But the nation announced some startling economic news this week that has exposed some chinks in Japan's debt defenses. In addition to announcing a much larger-than-expected 2.3% contraction in the country's GDP in the fourth quarter, Japan, the exporting powerhouse, said it ran its first annual trade deficit since 1980. The Ministry of Finance blamed the trade deficit on the high price of energy and the disruption in exports caused by last year's devastating earthquake. While both events did contribute to the trade deficit, the main issue here seems to be Japan's currency.
The yen is now extremely strong versus the U.S. dollar and the euro, making Japan's exports appear more expensive than ever before on the international market. Some of the nation's largest export-driven companies are reporting record losses as a result of reduced outflows. For example, Panasonic recently said that it was forecasting a $10 billion loss for the fiscal year, while Sony (sne) announced that it was doubling its net loss to around $2.8 billion for the fiscal year, the largest loss in the company's history. The losses at Japan's biggest firms translate to reduced economic growth and a big decrease in government revenue. That forces Tokyo to borrow more money from its citizens to stay afloat.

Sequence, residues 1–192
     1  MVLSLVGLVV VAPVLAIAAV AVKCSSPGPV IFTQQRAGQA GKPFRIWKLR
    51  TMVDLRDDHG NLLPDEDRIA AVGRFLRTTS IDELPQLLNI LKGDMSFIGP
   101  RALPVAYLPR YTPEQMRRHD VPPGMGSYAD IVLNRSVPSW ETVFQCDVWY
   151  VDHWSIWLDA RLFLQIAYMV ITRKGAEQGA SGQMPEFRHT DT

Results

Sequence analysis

Meanwhile, the loyal Japanese consumer has started to stray a bit as the strong yen has made foreign goods look relatively cheap compared to domestic products, further exacerbating the nation's trade deficit. Real imports into Japan in December exceeded expectations of a 1.4% contraction to a 4.1% increase. This trend is expected to continue as the yen strengthens and Japanese consumers become more comfortable buying foreign goods.
The strong yen and prolonged weak interest rates are also affecting the loyal Japanese investor. While the vast majority of Japanese assets still remain parked at the bank and in government bonds yielding little interest, there has been a shift in the past two years to invest in higher-yielding international securities offered through mutual funds. At the same time, foreign ownership of Japanese debt is on the rise, going from 5% last year to around 8%, according to Goldman Sachs. The share of short-term debt held by foreigners has now doubled in the last decade to just below 20%.